“I really believe that if you’re going to be an entrepreneur, athletics has got to be part of it in some way.”
Len Green, Babson professor
President Stephen Spinelli Jr. MBA’92, PhD, who first hired Green as an entrepreneurship professor, spoke about their relationship and Green’s importance to the Babson community.
“Len is really driven to add value to everything he does,” Spinelli said. “It is really with deep appreciation that we not only are grateful for the gift you’ve made that allows us to provide these kinds of facilities for our students for this generation and for many generations to come, but for lending his name and the inspiration of his teaching to this community that I think will last far beyond this building.”
The newly renamed building—previously the Babson Recreation and Athletics Complex, or “BRAC,” for short—now is in need of a new nickname. At Green’s suggestion, the College announced a competition, sponsored by the Babson Student Government Association and the Campus Life division, for students to help decide what they want to call the complex.
“I’m overwhelmed,” Green said as he took the stage in front of so many students and colleagues. He reminisced about his time at Babson, and thanked his wife of 63 years, Lois. And, he praised Babson’s students. “It is a true honor to teach here,” he said, concluding his remarks. “Nowhere are the students like you, nowhere.”
Green’s affinity for athletics traces to his high school and college years, when he played varsity sports. That’s also when he developed a fascination with analyzing games and developing strategy. He would watch game films, breaking down tactics and identifying trends. It’s a skill he still employs as a fan watching football and basketball games, not to mention as an entrepreneur.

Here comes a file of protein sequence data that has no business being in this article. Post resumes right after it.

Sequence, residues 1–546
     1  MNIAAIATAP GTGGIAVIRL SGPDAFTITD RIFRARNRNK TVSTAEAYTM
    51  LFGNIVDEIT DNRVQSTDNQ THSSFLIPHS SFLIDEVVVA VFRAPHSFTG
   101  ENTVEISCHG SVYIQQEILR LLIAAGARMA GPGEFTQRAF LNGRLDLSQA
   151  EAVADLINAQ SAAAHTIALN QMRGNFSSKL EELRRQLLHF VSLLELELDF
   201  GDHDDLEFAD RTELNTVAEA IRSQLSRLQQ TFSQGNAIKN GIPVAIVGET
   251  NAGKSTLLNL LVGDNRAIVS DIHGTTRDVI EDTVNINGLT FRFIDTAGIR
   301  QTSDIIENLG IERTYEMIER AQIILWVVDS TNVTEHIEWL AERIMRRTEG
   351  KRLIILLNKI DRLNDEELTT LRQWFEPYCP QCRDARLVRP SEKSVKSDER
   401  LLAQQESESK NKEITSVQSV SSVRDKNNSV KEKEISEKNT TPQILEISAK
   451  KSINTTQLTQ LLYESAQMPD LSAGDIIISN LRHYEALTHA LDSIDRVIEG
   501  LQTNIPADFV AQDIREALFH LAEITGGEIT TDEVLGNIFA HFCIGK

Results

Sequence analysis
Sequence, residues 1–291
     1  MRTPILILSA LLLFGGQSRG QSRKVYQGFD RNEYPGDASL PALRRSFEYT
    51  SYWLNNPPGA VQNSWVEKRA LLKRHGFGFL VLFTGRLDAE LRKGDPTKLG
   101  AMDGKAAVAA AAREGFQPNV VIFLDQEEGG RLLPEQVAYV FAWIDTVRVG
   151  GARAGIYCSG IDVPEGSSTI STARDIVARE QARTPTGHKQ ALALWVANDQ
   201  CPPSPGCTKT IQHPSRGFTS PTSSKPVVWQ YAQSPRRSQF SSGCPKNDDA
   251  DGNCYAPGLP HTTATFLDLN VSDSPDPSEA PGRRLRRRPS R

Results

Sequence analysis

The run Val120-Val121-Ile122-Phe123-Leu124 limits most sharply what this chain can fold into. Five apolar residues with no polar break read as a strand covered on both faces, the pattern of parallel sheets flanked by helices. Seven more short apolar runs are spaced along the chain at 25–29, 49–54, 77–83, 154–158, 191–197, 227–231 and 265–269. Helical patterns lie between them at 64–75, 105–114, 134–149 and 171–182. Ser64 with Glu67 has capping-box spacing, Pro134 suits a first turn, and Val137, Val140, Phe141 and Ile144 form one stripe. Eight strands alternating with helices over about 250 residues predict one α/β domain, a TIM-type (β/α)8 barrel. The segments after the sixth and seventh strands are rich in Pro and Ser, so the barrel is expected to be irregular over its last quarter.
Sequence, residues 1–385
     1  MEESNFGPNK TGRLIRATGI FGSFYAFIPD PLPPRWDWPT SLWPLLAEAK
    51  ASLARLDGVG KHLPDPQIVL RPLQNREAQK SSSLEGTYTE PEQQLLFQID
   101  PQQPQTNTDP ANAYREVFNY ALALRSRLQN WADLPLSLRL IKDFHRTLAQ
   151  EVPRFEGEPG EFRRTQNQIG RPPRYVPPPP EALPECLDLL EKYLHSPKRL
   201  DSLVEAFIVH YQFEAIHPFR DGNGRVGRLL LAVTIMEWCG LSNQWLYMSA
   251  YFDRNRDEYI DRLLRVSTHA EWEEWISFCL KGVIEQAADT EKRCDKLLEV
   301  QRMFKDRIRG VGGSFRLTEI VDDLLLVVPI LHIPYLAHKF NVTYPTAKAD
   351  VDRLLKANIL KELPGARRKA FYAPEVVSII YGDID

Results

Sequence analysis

“It translates into the real world. It really, really does,” Green said. “I get a great thrill out of that, because that’s a different part of my brain that is really working all the time. I just think that athletics teaches you the ups and downs, and it teaches you that your mind can go further than you think it can.”
Green remains physically active. He wakes at 5 o’clock every morning, and works out for an hour, then he catches up on email and meditates before going to the office. “I’m not saying it works for everybody, but it works for me,” he said. “When I’m walking or swimming, my mind is churning like a son of a gun.”
He also has completed six marathons with the encouragement and support of Russ Brennan, Babson’s longtime head coach of the men’s and women’s cross country and track & field programs. To help keep his mind engaged for 26.2 miles and push through the physical barriers, Brennan and members of the cross country team have joined Green to ask him questions and talk business while running.